Tuesday, October 18, 2011

Tomato Patch: Time for green manure?

Green manure--or something else?
I’ve bought many bags of composted manure over the years, and when I opened them in our garden, the manure was dark brown.  When I buy a pickup load of composted horse manure and shredded leaves at the Howard County Recycling Center, the compost is, well, dark brown.

So what’s with “green manure”?

“Green manure” is the name often given to plants that overwinter on tilled fields and then are turned under the next spring.  Another term is “cover crop.”  Whichever term you prefer, it has two basic purposes, to enrich the soil and protect it from erosion by winter weather.

The University of Maryland Master Gardener Handbook explains “cover crops” this way in its “Vegetables” chapter:  “Cover crops are mostly small-grain species, like oats, rye, and wheat, and legumes, like clover and vetch. …  These crops are typically planted as early as August 1, but no later than October 10.  They should make some growth before the first hard frost.  Some are killed by cold winter temperature, but most go dormant and resume growth in the spring.  Cover crop roots grow deeply into the soil pulling up nutrients that might otherwise leach out of the soil.  The crops are turned into the soil before going to seed, usually sometime from mid-April to early May.”

A Handbook table lists these typical cover crops with directions about when to plant seed and when to turn the plants under in the spring:  alfalfa, barley, buckwheat, crimson clover, forage radish, spring oats, winter rye, hairy vetch, and winter wheat.

I began thinking about “cover crop” when I tore out the dying vines of Tomato Patch 2011.  Should I plant a cover crop?  Are there alternatives—especially for small, hillside plots that this gardener tills—a youth-challenged gardener, by the way, who is prone to “aching back”?

Thinking I might experiment with a cover crop, I hopped into my Tacoma and drove up to the Southern States farm supply store in Ellicott City, the one place in Howard County that I thought would stock cover-crop seed.

“Do you have seed for any cover crop?”

“Sorry, not today, but next week we’ll be getting in a mixture of rye and wheat.”

“Will it be in bulk?  I only need a few ounces for my garden.”

“The smallest size will be three pounds.”

So much for my Green Manure Experiment.  Back home, I looked at the vineless Tomato Patch and decided on an alternative to a cover crop.  I had mulched our tomato plants in the spring with straw which now was starting to disintegrate and become part of the garden soil, but it is still recognizable as straw.  If I don’t turn it under to hasten decomposition until late winter, it can serve as a “cover crop” to protect garden soil from the ravages of winter storms.

Straw mulch will work
So this winter Tomato Patch is sporting a straw “cover crop” that died in 2010 or earlier and in color is definitely beige, not green.  Will this crop improve the soil?  Little, if any, I suppose, but I think it will do a reasonable job of protecting the soil from the elements.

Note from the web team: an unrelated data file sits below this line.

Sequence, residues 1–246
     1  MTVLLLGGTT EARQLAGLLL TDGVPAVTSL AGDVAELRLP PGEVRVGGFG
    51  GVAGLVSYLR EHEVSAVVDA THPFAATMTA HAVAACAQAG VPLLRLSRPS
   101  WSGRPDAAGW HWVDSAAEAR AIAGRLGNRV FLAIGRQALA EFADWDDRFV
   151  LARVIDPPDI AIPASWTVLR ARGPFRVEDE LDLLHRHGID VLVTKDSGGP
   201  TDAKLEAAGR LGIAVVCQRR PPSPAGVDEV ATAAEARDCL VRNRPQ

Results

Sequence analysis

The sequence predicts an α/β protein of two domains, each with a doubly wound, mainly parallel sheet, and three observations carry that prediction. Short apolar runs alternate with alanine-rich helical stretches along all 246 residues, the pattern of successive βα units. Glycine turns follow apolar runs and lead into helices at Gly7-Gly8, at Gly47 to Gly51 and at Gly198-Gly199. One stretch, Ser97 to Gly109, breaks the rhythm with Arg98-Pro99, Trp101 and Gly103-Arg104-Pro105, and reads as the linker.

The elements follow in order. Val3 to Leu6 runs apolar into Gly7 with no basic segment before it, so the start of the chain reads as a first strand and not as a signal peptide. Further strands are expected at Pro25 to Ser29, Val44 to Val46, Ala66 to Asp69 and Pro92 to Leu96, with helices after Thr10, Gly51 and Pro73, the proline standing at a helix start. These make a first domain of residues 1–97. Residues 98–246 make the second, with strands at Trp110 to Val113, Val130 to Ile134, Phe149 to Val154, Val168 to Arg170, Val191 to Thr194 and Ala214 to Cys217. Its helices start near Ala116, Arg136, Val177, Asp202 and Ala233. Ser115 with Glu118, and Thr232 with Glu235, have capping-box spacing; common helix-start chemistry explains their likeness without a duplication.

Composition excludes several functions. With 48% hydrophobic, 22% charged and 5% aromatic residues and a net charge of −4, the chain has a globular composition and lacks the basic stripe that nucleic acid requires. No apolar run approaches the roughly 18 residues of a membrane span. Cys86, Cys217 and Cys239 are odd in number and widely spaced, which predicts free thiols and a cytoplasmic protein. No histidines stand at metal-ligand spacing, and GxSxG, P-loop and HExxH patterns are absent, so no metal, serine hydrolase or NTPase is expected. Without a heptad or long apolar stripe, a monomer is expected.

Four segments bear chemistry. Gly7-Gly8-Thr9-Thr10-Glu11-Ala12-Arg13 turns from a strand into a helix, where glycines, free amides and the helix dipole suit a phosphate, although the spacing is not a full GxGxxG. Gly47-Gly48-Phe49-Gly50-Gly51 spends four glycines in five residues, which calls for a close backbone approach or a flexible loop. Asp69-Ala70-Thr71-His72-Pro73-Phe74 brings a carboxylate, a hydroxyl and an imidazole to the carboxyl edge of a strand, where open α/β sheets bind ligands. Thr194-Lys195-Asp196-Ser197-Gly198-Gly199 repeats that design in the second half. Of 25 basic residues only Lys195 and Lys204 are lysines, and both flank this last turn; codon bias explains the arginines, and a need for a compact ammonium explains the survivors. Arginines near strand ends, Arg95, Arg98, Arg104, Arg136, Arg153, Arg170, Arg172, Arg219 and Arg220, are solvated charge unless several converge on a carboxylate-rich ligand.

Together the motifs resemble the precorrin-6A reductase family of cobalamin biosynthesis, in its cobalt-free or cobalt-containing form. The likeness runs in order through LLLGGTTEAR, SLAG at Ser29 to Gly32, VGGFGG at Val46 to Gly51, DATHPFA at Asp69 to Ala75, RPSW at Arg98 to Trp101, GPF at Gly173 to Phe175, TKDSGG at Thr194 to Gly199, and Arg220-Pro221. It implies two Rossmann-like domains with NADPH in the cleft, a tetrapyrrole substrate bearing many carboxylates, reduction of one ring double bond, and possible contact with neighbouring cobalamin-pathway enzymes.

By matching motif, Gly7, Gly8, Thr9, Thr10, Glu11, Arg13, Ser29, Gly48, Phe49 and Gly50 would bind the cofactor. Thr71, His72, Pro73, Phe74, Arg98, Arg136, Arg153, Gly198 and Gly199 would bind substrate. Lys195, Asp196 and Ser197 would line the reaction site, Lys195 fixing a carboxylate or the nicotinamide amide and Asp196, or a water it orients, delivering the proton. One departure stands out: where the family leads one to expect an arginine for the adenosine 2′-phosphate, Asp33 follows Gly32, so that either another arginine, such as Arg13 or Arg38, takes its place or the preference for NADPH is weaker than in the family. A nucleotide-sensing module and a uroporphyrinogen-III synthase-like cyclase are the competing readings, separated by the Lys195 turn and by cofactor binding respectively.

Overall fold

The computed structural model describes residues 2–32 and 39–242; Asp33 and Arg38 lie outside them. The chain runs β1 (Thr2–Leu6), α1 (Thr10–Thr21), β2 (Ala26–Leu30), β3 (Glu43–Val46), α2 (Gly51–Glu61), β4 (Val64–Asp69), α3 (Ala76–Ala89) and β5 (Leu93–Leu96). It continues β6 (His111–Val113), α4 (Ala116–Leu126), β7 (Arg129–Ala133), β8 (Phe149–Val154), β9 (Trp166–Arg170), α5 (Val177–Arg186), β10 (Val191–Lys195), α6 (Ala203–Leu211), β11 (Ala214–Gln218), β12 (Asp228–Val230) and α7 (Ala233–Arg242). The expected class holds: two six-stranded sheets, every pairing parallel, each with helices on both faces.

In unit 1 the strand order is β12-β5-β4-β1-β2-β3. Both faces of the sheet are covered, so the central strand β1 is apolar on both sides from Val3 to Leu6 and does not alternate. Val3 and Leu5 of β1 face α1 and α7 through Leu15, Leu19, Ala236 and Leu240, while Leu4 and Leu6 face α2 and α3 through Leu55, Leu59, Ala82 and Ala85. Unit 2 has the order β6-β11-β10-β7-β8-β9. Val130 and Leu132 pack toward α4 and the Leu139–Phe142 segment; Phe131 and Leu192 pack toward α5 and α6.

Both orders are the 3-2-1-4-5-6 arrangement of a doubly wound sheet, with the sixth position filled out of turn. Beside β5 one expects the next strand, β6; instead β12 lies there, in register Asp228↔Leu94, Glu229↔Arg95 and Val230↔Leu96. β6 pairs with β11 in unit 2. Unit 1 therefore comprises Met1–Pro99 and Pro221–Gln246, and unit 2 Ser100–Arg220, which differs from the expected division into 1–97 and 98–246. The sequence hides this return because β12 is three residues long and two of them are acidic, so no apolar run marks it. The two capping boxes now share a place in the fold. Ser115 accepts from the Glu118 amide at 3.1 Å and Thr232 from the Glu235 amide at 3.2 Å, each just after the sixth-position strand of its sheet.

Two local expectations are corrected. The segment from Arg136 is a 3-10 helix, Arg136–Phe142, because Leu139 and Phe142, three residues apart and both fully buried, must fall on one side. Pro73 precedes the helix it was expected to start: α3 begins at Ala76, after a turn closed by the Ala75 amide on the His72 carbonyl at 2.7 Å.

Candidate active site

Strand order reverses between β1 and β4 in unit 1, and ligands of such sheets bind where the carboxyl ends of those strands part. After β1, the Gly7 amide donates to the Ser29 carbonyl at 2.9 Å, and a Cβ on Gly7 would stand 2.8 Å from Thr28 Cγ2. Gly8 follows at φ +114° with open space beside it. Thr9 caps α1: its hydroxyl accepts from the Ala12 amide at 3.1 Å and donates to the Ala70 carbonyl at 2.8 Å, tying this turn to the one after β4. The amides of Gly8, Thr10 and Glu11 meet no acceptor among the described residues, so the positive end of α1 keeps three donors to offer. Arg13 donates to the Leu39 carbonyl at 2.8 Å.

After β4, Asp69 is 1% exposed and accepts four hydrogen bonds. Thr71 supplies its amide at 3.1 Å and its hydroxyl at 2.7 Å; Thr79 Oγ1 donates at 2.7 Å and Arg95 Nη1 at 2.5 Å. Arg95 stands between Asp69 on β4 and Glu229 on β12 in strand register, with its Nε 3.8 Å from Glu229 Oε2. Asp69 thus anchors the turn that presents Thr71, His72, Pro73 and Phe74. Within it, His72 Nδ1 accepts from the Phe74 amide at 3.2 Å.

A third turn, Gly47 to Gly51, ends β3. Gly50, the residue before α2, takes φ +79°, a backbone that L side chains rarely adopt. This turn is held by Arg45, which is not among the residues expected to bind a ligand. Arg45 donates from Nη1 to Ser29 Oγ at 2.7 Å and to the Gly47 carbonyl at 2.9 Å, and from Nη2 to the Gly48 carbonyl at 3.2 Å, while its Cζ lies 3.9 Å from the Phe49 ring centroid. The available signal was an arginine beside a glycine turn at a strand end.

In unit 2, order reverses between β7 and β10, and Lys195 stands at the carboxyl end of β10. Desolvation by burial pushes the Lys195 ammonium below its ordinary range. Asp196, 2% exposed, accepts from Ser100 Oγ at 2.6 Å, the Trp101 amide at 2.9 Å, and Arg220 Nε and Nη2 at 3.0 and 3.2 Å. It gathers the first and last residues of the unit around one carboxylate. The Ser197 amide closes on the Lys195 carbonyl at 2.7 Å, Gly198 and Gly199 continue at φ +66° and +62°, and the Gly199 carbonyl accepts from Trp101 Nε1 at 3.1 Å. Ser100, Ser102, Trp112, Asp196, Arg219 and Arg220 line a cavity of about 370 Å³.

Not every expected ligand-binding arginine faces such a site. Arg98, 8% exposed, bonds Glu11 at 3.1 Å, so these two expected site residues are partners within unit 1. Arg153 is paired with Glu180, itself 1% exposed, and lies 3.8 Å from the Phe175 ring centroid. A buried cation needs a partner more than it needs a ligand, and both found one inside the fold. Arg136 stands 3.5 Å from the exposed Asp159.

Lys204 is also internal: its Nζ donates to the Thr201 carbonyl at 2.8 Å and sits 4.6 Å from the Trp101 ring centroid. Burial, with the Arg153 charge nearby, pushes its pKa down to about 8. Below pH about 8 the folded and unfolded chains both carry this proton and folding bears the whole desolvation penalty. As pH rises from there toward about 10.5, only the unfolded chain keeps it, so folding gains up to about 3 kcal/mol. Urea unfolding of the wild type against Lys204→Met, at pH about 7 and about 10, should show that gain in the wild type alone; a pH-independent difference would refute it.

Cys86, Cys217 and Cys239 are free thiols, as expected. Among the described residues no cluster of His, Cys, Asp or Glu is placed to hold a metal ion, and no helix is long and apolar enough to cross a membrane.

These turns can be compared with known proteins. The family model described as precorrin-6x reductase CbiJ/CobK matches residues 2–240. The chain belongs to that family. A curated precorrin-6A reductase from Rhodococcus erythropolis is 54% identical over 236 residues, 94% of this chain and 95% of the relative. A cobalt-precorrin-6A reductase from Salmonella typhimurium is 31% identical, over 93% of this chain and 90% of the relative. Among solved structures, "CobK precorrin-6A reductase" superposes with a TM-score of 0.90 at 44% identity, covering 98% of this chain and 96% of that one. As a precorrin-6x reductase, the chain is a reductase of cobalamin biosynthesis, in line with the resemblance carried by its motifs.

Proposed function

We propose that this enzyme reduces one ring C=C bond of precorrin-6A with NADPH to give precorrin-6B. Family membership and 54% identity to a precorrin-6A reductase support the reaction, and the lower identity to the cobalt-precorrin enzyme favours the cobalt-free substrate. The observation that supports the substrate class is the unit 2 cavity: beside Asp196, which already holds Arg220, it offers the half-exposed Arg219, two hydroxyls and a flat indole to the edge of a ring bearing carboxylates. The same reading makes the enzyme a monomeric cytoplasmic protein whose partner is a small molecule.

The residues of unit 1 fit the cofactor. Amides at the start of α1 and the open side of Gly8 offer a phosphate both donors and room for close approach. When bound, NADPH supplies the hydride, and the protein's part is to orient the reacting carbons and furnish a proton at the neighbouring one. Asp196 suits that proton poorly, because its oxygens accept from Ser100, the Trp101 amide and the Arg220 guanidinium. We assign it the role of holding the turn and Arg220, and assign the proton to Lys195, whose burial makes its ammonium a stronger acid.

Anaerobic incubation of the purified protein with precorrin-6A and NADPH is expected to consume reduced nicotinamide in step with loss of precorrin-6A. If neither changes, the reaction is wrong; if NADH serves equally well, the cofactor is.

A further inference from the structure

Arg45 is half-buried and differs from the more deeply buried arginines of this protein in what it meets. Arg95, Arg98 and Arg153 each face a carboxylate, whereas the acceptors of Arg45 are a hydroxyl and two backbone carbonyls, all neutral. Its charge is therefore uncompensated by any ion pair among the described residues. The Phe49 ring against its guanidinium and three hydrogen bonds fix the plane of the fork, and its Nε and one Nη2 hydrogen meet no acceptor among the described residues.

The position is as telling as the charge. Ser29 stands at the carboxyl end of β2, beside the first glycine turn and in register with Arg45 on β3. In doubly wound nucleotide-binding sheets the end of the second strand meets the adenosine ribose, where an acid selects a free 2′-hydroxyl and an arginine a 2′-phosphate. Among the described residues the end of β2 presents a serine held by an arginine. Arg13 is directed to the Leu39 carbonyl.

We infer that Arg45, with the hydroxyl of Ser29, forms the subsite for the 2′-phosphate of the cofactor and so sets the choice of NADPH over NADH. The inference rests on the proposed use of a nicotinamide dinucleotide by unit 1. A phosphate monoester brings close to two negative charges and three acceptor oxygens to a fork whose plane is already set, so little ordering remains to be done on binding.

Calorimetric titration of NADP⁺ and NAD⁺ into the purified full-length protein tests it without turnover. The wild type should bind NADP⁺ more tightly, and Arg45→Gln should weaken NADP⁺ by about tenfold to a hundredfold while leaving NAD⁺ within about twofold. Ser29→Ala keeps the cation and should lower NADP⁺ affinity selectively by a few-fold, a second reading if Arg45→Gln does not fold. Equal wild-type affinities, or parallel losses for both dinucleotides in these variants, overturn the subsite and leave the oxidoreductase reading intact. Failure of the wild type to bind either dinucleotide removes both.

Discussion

And as I rearranged the straw to cover as much of the soil as possible, I thought of a very positive outcome of my choice:  the straw will continue to decompose over winter and I’ll have a relatively easy time “turning it under” with my garden shovel in late winter.  Manually turning under a cover crop can be an “ache in the back,” to say nothing of muscle pain.  Score one for the Ancient Gardener.

What else could I have used?

Grass clippings or shredded leaves will do too
Since I don’t have enough straw to spread on all my small hillside garden plots, I protect the soil—and enrich it to some degree—with whatever I have at hand.  I’ve already spread grass clippings on two or three plots—sort of a wimpy “green manure” approach, wouldn’t you say?  When leaves begin to fall, I’ll bag some with our lawn mower and spread the semi-shredded leaves like a brown blanket on other plots, where they’ll also both protect and decompose over winter.

Disappointed that I couldn’t buy a small amount of cover-crop seed locally, I checked availability on the Internet.  Territorial Seed Company has a paragraph explaining cover crops with several links you may enjoy investigating, including one showing varieties of available fall-sown seed.  Johnny’s Selected Seeds also lists a variety of seeds under “green manures.” 

There is one green-manure cover crop I don’t want to grow—winter weeds.  Alas, winter weeds are sprouting everywhere these days and growing rapidly in this extra-warm October.  Today’s chickweed seedlings might protect the soil over winter, but by early spring they will have become thick mats and will have sown thousands of seeds for future crops.

To read the University of Maryland Extension's one-page fact sheet on cover crops, CLICK HERE.  If you’re a new reader, check out earlier postings about Barbara Billek, who uses hairy vetch as a cover crop in her raised vegetable beds, and Susan Levy-Goerlich, who uses shredded leaves to protect her garlic crop over winter. 


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